Both the University and the state
have been attempting to attract federal
By JOHN ADAM
and MARK GINDIN
Loosely defined, robot is a machine
that can be programmed to do a task. It
need not look like R2D2 or C3PO of Star
Wars fame, but in the near future it
very well may. Many experts are
talking about self-propelled robots
doing household chores, such as
vacuuming, as early as the next decade.
Currently, most robots are doing the
dirty jobs in factories, such as welding
and spray painting, but they are
becoming increasingly able to do delic-
te tasks, and have almost the same dex-
terity as a human arm.
contracts, and a premier research cen-
ter would be another reason to award
them to the University, Gamota said.
"WE'RE AFTER a world class cen-
ter here--the premier in the world,"
said College of Engineering Dean
James Duderstadt. "We're already
recruiting the best people from around
the world," he said, including Japan
The University is already recruiting
high technology firms and skilled
faculty to become the world's center of
robotics, Duderstadt said.
"Right now the robotics institute
exists in (the) East Engineering
(building)," said Duderstadt. The
robotics research center is still a
proposal, he noted.
DECISIONS TO be made regarding
the structure of the research center
focus on two alternatives, Duderstadt
said. Either the robotics center will be
within the University, with the em-
phasis on basic research and training of
graduate students, or it may be struc-
tured as a non-profit robotics institute
outside the University's auspices but
maintaining close ties with the Univer-
"The idea that's important to
recognize is that to attract high
technology, you have to have a center of
strength," Duderstadt said. The
proposed robotics center will act as a
nucleus from which a cluster of high
technology firms will sprout," he said.
THE PROPOSED robotics institute
"would be a shot in the arm for the
economy of the state, and good for the
faculty and students as well," Duder-
Duderstadt also said the task force
has been looking at sites for the center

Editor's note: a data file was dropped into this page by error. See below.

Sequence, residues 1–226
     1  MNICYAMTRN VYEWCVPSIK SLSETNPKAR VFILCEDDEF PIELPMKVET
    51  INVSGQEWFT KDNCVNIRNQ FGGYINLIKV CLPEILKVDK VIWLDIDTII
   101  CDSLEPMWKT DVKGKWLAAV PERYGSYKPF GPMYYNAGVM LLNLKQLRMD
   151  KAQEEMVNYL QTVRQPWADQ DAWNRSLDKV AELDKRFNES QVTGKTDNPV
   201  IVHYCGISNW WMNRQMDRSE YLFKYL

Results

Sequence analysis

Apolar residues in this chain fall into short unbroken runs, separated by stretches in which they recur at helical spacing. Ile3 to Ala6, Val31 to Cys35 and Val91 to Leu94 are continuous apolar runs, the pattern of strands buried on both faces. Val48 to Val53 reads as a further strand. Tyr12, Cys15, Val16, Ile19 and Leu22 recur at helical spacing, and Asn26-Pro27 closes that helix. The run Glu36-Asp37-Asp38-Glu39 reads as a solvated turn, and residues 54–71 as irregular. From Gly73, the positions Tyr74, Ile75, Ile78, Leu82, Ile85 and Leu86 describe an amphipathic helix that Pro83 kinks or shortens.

on North Campus and also in an area
west of Route 23.
The governor's high technology
task force met and worked secretly on
the robotics center project for mon-
ths. Members of the task force and
University officials refused to discuss
the findings of the committee until af-
See ROBOTICS, Page 5
IJ'any F InJ 1.1 ay L1MUKAN F1LtY
IF STATE AND UNIVERSITY officials' predictions come true, robots such
as this one will be a common sight In a new multimillion dollar robotics cen-
ter to be located in Ann Arbor.
n becomes real
GIANT MANUFACTURERS such as
General Motors, Ford, General Elec-
tric and Westinghouse have realized
advantages in converting to robots and
the state and Unviersity are
capitalizing on this wave of the future.
"The reason for the current change to
robotics," said visiting Mechanical
Engineering Prof. Yoram Koren last
April, "is simply economics. The price
of computers went down and the price
of labor went up."
Robots also have the added advan-
tages of doing consistently high-quality
work and having no need to take coffee
THERE ARE curently plans to
create in Ann Arbor, in College of
Engineering Dean James Duderstadt's
words, "a world class (robotics) cen-
ter-the premier in the world." He said
Michigan needs to diversify its in-
dustrial base by promoting high
technology industry such as micro-
electronics and robotics.
Robotics is really just a catch-all
word for automated manufacturing,
said Duderstadt. He added that the
automated factory of the future will
have social implications as well,
because of the Mqany displace workers.
Again, the University, with its strong
program of social research, will be at
the forefront in this new technology.
"The University is almost tailor-
made for an activity like this," Duder-
THE UNIVERSITY'S Institute for
Social Research and the Institute of
Labor and I:ndustrial Relations,
together with the proposed robotics in-
stitute, should give the University an
important role in the new technology.
And, as Duderstadt said, it would
greatly enhance the University's
Electrical and Computer
See ROBOTICS, Page 5
can writ right
O DAY. quite pleasant,
to have a build
$348,000 SOLAR-POWERED restroom at a Bat- Make w
tle Creek area highway rest stop Friday earned A U.S. Arm